Our latest installment of Your Questions comes from Tamara:
What a great question! Both of us have (literally) been there.
Before we recommend some specific recipes, here are three pieces of general advice for getting started in the kitchen:
1. Only buy fresh ingredients with a plan in mind. It's easy to go to the grocery or the farmers market and buy bags full of pretty things, but it's also so depressing to find that those same ingredients have died a lonely death in the crisper. Prior to going shopping, we try to think through what we want out of the next three to four meals, and we also take stock of what we already have on hand. Of course, if you're like us, impulse buys are still inevitable. But we try to limit them, and when we do go all shopaholic, we commit to exploring new recipes with the ingredients.
2. Know what's in your fridge. We use a Vegetable Board to make sure we're not wasting produce. It works for us, helping us to focus on what we have on hand when trying to figure out what to cook, but you may find a method that works better for you.
3. Get a cookbook that can be a go-to resource for simple recipes. We recommend Mark Bittman's excellent How to Cook Everything or Everyday Food's Great Food Fast. In fact, you may want to consider getting a subscription to Everyday Food. It was one of Clay's first food magazine subscriptions and every issue is filled with great, not overly complicated recipes.
Here are a few recipes we've loved -- they're perfect for beginners and they require few ingredients:
- Chicken Breasts with Zucchini Pappardelle. It has 5 ingredients, takes 30 minutes and will take advantage of zucchini, which we'll soon all have in spades. The recipe suggests using a mandoline to slice the zucchini thin, but you can also do it (very carefully) with a knife.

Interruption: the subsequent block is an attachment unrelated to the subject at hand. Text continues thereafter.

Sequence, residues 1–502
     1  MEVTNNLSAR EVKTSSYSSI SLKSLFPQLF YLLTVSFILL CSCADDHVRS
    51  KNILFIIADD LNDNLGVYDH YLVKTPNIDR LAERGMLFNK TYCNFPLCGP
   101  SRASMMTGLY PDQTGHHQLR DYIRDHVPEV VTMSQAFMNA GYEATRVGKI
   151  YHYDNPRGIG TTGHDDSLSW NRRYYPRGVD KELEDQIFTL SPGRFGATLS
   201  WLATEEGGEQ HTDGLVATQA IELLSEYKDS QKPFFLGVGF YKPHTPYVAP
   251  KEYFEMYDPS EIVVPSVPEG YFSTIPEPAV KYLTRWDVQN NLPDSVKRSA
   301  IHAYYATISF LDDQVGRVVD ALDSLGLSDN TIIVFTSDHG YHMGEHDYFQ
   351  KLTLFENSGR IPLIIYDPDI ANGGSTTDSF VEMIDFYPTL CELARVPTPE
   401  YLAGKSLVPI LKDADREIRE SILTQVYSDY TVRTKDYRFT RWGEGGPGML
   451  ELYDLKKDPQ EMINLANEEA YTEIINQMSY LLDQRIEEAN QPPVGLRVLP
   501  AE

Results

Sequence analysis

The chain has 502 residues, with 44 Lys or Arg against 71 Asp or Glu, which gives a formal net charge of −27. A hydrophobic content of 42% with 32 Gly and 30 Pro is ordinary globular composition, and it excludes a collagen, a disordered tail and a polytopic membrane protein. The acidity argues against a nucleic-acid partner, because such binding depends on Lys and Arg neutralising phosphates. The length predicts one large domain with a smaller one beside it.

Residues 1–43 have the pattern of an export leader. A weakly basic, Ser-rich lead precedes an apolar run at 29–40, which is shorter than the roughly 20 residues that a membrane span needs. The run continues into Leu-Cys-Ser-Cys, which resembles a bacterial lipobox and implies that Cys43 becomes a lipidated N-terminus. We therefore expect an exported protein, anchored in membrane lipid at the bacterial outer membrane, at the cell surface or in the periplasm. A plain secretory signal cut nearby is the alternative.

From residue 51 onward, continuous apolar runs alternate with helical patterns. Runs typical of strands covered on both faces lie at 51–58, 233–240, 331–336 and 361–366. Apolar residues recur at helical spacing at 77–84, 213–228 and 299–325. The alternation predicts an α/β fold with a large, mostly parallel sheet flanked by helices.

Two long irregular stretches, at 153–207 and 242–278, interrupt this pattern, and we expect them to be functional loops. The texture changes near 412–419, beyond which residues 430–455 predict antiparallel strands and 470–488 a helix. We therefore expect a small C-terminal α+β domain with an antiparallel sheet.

- Flank Steak with Paprika Butter. They can be made on a grill or in a grill pan. Don't want to buy the paprika? Leave it out!
- Baked Eggs in Tomato-Parmesan Sauce. This dish has only 6 ingredients (plus salt/pepper and olive oil, which you likely have on hand). It's super flavorful and one of our favorite meals!
- Learn to roast a chicken. This is a great skill to have, it doesn't require many ingredients, and if you're only cooking for one or two people, you'll have plenty of leftovers for salads, stir fries or just to eat as chicken. We're partial to the Barefoot Contessa's recipe. This is also a good roast chicken recipe that uses chicken thighs instead of a whole chicken.
- Sugar Snap Peas with Mint and Orange. This is great with snap peas, but you could also do it with green beans.
- Fajita Sweet Potatoes. They're ridiculously easy and only require a few ingredients.
- Buy some great salad greens -- the freshest you can get -- and make this simple Honey Lemon Dressing. It will keep in the fridge and you can use it a bit at a time until it's gone.
- Tipsy Affogato. Can you brew coffee? You can make this delicious dessert!
- Make a crumble! This is the best, most impressive way to show off fresh summer fruit. Here's a super easy Basil-Blackberry Crumble, and here's a blueprint for creating your own Mix-and-Match Crumbles.
Hopefully those dishes and tips will provide you with some ideas for beginner cooks. What would you recommend for Tamara?
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